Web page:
However, hacking isn’t about your screen resolution or even having a screen. Some of the best techniques over the years don’t involve any technology at all, and we get to see them in the movie. When Bishop social engineers his way past the a security gate by pretending to be in a hurry, he doesn’t need anything but a harried guard and bunch of balloons to sneak through. The fact that he can pass as a suit doesn’t hurt.

The signature scene in the movie involves a reveal when we find out what Setec Astronomy stands for. The scrabble reveal is one of the best scenes in cinematic history — Bishop and Liz ply their right brains to descramble Scrabble tiles while Mother, Whistler, and River Phoenix connect the thing to the Internet and work their left brains — they arrive at the “we’re in over our heads” moment at the same time.

More than anything, the movie celebrates lateral thinking, solving problems by coming at them from an unexpected direction. When Bishop encounters a lock he hadn’t anticipated, rather than try to hack it they have Bishop simply kick it down. In another brilliant scene, Whistler helps Bishop remember how to get to EvilCo by playing the sounds of his trip, with Whistler working a sick Braille interface on his Moog and sequencer to help re-create road sounds.

The movie mostly gets these small and large details right. It’s a celebration of hacker thinking, of people who make society better while maintaining enough of a separation to keep that outsider’s mindset.

White Hat vs. Black Hat

The movie did its homework. First off, the main writers were the guys from WarGames, which is another hacker movie that got a lot of details right. According to Wikipedia, cryptologist Leonard Adleman (The “A” in RSA) was a consultant for the film and composed all of the slides in Janos’s cryptography preso in Palo Alto. Sometimes in a movie — hell, a lot of the time — the technobabble is fake. Those of us who grew up in the ’80s and ’90s recall frantic engineers rerouting the plasma injector through the phase variance field to save the day. So for the filmmakers to actually study mathematics and cryptography enough to hire an expert in the field, well, that’s pretty cool.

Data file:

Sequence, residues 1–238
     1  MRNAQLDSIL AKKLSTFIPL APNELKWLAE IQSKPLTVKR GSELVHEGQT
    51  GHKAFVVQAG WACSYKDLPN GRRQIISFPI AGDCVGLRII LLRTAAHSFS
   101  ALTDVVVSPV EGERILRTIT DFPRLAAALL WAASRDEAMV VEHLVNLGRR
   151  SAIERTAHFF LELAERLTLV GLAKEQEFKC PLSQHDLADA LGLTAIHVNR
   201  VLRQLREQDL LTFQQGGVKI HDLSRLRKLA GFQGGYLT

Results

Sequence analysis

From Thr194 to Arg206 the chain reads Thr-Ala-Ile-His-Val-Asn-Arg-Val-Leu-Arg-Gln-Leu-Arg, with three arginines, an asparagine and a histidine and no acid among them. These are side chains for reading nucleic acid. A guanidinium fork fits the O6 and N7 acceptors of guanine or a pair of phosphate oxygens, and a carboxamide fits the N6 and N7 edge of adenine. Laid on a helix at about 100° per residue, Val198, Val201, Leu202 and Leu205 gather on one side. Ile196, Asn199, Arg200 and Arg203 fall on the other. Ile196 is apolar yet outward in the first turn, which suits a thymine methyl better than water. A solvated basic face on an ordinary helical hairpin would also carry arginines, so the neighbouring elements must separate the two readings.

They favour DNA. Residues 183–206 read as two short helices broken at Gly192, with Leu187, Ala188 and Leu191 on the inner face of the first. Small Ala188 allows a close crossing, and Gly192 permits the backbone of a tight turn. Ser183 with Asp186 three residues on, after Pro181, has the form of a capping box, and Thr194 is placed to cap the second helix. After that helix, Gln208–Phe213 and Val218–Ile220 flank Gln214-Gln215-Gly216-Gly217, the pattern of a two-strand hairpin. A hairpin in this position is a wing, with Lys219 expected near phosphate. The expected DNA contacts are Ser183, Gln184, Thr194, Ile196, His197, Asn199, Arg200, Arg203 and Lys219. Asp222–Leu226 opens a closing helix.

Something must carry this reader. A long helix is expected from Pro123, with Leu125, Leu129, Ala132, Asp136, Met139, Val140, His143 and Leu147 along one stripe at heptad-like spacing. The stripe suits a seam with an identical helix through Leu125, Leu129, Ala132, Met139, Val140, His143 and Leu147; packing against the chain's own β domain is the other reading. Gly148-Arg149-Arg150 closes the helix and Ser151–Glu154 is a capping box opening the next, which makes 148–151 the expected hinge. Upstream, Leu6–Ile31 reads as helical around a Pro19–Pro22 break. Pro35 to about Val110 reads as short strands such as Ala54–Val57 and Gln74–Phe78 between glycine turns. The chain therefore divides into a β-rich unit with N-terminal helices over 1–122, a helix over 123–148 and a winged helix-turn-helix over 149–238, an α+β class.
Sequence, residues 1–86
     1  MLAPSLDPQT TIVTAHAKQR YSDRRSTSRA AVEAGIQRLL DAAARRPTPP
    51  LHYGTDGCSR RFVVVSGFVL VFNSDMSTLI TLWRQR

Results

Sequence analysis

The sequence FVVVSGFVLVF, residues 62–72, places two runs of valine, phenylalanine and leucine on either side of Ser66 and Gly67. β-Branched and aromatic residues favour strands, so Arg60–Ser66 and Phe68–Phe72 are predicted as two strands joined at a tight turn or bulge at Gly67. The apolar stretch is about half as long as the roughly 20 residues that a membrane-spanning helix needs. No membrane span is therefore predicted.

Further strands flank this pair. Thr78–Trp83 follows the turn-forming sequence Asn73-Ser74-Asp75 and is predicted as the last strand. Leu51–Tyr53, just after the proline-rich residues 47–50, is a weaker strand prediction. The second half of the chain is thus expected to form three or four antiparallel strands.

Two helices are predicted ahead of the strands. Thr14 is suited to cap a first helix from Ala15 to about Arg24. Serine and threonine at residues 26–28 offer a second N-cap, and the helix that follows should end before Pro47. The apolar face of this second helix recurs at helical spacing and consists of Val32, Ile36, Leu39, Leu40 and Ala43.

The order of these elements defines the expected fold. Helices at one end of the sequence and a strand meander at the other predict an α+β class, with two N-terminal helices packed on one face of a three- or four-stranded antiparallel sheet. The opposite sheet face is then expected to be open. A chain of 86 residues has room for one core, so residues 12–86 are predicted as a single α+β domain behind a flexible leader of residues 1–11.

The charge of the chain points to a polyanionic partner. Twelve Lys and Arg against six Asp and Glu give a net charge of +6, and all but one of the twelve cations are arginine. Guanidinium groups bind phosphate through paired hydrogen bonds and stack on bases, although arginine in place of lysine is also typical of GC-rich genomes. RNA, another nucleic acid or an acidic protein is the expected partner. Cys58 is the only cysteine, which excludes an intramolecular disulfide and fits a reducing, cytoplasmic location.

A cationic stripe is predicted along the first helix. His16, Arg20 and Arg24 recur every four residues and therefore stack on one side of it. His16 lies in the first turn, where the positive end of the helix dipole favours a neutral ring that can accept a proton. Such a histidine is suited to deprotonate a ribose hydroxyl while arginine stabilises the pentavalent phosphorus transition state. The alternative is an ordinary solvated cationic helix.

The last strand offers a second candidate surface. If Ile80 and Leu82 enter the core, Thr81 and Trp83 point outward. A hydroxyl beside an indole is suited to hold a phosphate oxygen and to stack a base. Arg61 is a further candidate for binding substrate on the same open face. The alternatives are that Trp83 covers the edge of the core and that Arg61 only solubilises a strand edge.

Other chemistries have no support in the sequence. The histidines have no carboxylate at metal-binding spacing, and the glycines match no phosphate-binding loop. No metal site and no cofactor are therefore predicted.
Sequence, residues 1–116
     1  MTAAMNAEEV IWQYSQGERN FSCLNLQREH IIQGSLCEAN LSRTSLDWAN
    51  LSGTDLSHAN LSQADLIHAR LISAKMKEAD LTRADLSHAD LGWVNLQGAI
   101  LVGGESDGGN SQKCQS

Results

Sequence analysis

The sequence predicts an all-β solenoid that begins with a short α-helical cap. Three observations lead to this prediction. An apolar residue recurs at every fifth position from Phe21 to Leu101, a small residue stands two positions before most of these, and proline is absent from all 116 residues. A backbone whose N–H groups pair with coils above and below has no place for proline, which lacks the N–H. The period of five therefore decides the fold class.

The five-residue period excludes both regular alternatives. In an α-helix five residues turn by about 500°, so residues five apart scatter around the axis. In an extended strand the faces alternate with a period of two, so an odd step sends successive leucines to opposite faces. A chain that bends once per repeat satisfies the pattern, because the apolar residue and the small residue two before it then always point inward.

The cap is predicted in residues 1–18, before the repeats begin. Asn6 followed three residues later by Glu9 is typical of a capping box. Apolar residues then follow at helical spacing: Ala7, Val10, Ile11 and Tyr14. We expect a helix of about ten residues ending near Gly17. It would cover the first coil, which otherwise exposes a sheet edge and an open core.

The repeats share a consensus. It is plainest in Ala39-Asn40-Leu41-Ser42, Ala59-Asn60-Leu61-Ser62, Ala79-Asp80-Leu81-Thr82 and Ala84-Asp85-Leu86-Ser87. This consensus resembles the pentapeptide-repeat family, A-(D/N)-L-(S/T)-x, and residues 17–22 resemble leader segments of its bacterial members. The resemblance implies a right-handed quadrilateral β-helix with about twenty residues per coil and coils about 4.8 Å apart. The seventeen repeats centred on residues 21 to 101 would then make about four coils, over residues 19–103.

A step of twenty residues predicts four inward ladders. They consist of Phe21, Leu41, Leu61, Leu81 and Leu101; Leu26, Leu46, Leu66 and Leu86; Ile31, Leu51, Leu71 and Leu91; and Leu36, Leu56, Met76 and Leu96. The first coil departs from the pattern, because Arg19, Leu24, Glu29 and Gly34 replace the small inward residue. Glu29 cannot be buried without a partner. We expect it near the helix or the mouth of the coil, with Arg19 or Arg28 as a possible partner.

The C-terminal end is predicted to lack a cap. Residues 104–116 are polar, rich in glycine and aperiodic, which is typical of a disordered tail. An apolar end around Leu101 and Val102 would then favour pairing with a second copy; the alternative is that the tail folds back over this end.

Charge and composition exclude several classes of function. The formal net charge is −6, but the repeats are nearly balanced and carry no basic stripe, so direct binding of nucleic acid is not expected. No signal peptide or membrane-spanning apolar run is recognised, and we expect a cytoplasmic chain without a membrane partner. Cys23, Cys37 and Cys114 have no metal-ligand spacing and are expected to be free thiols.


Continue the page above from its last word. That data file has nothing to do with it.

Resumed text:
But I think what this movie does really well is shows the hackers in all their complexity. You have stiff-ass Werner Brandes, the guy who folds his trash and has a PhD in robotics. There’s kooky surveillance guy and comic relief Mother, played by Dan Aykroyd. I met a lot of people at the hackerspace who are only somewhat able to interact with society. The space is almost a buffer against normal people. I see Mother’s brilliance and kookiness in a lot of those folks.

Evil Cosmo and saintly Bishop are another pairing — they illustrate the two paths of evil and good, at least in Bishop’s worldview. The evil hacker Cosmo follows the path of lucre and power-grubbing and becomes a puppet of organized crime. Bishop uses his knowledge to help society, backed up by his crew of brilliant misfit hackers. They don’t want anything — nothing really, random stuff. Mother wants a Winnebago. But they certainly don’t want the power and the attention it attracts.

In the end, of course, they don’t really turn the Ark over to Warehouse 13, either. Bishop hoodwinks the NSA by keeping the thing, or at least the main IC of the thing, so that he can re-engineer the full on thing and use his newfound powers to right wrongs and only hurt people he felt deserved it. The pat Hollywood ending isn’t really important compared to the fantastic characters and great dialog of the movie’s hackers.